By Robert Not: The New Mexican
The sponsor of a legislative effort to kill the state’s popular film-production incentives said Tuesday his bill is dead.
Rep. Dennis Kintigh, R-Roswell, acknowledged defeat after film industry supporters passionately argued that the movie business is their economic life blood.
HB725 would repeal the 25 percent tax credit and limit the amount of money available for zero-percent loans to qualifying companies who make films in New Mexico.
Kintigh argued during a House Business and Industry Committee session that in tough economic times such incentives amount to “subsidizing” the industry.
Drawing attention to two recent studies of the financial benefits of such incentives — signed into law in 2003 by former Gov. Gary Johnson and later increased by Gov. Bill Richardson — Kintigh said that by 2010 the incentives would cost the state $54 million.
“Who pays for that?” he asked the committee. “And is it fair?”
The first study, released last August by the Arrowhead Center, the economic arm of New Mexico State University in Las Cruces, said that the rebate was netting state government 14.5 cents for every dollar. The Legislative Finance Committee commissioned that study after lawmakers raised concerns that the tax rebate wasn’t truly benefiting the state.
In January, the New Mexico State Film Office and State Investment Council released a study by the accounting firm of Ernst & Young that stated that state and local government revenues amounted to $1.50 for every dollar the state spends on the program.
Kintigh, in turn, introduced a third study, released by the LFC this week, that compared the first two studies and suggested the Ernst & Young study “overstated the case for the fiscal impact of the film production tax credit.” He also called legislators’ attention to recent economic studies from California and Louisiana suggesting that the film business isn’t necessarily paying off.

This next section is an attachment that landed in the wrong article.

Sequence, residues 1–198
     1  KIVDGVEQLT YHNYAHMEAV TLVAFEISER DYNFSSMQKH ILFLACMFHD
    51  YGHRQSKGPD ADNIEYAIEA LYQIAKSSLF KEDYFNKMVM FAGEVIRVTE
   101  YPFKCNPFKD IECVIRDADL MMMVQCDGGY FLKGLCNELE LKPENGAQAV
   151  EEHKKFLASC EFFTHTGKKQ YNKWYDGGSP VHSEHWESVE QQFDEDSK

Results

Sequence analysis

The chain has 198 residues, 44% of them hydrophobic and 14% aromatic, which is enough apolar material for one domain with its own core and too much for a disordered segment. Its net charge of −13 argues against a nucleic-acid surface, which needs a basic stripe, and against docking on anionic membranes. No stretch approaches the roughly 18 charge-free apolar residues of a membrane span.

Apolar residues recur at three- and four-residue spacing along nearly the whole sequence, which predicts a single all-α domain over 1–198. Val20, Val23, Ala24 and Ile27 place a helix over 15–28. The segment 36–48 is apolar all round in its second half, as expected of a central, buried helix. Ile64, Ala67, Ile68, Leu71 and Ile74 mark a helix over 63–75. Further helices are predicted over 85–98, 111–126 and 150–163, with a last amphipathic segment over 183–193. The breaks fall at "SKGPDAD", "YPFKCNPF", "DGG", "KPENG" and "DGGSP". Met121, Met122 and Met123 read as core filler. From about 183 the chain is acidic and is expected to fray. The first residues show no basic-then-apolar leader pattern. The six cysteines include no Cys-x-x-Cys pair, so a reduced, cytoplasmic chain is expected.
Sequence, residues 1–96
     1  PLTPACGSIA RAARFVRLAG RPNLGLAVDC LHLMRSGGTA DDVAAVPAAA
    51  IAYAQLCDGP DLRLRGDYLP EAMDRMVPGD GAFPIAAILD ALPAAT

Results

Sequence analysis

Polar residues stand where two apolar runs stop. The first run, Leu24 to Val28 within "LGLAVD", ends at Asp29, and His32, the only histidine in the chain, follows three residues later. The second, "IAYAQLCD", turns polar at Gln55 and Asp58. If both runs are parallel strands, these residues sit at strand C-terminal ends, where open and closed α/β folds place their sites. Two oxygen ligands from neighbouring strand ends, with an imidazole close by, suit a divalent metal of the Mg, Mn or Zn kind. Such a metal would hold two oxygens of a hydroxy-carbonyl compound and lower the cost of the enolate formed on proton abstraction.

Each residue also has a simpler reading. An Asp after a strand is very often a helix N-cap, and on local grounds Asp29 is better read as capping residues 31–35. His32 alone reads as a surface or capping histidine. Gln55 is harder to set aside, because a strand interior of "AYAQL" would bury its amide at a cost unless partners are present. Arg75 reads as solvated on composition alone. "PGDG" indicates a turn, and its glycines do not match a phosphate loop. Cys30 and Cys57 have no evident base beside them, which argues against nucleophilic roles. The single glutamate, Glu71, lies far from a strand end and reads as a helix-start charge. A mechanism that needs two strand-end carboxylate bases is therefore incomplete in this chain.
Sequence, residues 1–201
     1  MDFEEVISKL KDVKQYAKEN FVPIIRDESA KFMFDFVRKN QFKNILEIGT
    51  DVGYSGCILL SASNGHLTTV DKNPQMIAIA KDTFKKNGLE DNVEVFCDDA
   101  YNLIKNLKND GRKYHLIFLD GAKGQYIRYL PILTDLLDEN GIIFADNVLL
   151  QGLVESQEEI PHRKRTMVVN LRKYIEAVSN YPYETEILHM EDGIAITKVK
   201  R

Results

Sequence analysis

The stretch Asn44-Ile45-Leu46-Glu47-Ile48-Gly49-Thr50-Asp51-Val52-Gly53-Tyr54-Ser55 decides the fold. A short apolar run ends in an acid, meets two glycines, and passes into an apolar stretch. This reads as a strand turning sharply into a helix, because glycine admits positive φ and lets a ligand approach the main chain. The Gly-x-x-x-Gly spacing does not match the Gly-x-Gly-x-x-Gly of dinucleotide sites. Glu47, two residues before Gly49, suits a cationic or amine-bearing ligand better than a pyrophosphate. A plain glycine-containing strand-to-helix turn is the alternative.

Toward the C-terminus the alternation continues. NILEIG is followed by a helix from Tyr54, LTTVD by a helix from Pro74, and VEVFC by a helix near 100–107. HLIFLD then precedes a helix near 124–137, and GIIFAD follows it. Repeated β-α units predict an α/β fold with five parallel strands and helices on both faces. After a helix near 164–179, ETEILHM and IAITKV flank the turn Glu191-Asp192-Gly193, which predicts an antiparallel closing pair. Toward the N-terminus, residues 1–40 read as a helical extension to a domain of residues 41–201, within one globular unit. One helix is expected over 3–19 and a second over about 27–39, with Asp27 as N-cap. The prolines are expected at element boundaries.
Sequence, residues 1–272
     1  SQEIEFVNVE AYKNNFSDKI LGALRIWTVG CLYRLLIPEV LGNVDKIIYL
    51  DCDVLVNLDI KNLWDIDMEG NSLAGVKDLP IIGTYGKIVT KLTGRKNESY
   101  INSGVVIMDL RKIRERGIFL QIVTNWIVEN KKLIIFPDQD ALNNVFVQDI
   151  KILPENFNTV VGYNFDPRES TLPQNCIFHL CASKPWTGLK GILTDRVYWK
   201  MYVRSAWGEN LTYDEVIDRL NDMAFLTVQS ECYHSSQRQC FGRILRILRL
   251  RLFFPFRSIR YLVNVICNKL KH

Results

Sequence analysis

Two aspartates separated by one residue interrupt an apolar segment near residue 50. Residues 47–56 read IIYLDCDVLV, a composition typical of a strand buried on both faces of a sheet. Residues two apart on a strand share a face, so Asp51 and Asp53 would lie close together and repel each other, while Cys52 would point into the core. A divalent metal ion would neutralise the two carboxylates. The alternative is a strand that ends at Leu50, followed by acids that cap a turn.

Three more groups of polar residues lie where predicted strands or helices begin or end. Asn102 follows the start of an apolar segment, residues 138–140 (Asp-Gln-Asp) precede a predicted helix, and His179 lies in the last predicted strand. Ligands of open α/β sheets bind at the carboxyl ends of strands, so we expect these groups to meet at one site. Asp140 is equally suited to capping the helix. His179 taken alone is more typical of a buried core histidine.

But committee members were not moved, particularly after a room full of industry supporters — including union personnel, hotel managers, service industry employees and educators — spoke out against the bill.
“I’ve gone from hauling wood to Hollywood,” one supporter said. Another said that killing the incentives would “unemploy New Mexicans.”
In response, Kintigh told the crowd, “We have created an intoxication, an addiction… but we can’t afford it.”
While it was clear that Kintigh had done his homework in examining the various studies — which, if nothing else, continue to keep alive the question of the economic value of the industry — it was also evident that he had not met with film industry players to discuss his proposal in advance.
Rep. Debbie Rodella, D-Espanola, who chairs the committee, asked Kintigh if he was open to compromise, then asked him to move to an adjoining chamber to discuss a “middle ground” with interested parties.
There, about 25 supporters, including New Mexico Film Office director Lisa Strout and Jon Hendry, business agent for IATSE 480, the local union for New Mexico film technicians, voiced their concerns to Kintigh.
Hendry said even if Kintigh succeeded, all the state would gain from dropping incentives is a one-time savings of about $60 million. In turn, the loss of incentives and movie projects would put close to 10,000 people out of work, close a number of businesses and cause the state to lose out on a long-term investment.
“If we are wrong by 50 cents (on the return on the dollar), we still break even,” Hendry argued.
After an hour of hearing such arguments, Kintigh acknowledged his bill didn’t have much of a chance.
Still, Kintigh told the assemblage he would argue for it again on Thursday. “I believe in it, and I respect that you don’t,” he said. “I won’t withdraw it because I think it’s the right thing to do. I know that I’m going to get run over by this locomotive.”
Contact Robert Nott at 986-3021 or email@example.com